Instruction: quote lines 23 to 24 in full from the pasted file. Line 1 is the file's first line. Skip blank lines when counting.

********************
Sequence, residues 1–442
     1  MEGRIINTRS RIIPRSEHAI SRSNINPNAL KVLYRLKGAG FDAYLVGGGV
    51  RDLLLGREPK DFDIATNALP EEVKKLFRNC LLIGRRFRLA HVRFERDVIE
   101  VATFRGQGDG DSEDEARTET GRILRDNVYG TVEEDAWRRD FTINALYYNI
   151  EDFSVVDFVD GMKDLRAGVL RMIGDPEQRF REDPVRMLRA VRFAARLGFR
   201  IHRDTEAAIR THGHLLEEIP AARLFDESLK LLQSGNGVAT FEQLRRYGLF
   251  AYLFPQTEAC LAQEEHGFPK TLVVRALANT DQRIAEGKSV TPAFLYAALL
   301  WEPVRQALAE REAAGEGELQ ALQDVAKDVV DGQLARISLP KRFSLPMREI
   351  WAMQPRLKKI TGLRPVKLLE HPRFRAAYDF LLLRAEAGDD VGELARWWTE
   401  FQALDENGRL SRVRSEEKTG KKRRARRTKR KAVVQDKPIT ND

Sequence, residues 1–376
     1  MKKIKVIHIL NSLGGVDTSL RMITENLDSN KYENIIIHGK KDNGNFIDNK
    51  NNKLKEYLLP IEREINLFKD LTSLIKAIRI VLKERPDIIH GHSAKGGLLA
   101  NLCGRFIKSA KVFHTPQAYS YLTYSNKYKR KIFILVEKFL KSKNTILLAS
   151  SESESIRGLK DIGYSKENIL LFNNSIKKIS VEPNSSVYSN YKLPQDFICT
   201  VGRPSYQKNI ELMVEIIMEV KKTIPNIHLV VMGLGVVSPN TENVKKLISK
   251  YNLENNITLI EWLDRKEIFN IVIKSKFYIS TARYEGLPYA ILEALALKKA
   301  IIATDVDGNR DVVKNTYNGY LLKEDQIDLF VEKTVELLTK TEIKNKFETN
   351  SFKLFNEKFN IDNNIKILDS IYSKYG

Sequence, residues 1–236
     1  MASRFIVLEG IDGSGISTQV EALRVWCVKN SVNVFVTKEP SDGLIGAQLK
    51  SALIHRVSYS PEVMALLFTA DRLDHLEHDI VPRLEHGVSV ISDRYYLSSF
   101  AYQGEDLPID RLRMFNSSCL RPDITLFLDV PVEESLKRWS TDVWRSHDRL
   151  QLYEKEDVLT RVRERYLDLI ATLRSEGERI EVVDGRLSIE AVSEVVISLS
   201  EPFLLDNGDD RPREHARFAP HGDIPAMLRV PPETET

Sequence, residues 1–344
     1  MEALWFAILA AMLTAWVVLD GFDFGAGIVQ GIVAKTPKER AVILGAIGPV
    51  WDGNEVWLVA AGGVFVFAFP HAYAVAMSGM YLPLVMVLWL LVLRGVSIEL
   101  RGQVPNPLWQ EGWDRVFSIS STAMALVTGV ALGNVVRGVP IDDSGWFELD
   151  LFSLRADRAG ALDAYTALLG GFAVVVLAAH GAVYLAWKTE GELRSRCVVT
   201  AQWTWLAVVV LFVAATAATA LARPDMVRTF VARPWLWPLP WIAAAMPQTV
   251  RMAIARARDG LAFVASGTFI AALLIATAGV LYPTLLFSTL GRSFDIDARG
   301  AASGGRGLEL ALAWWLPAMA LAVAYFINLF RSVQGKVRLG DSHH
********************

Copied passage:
   101  AYQGEDLPID RLRMFNSSCL RPDITLFLDV PVEESLKRWS TDVWRSHDRL
   151  QLYEKEDVLT RVRERYLDLI ATLRSEGERI EVVDGRLSIE AVSEVVISLS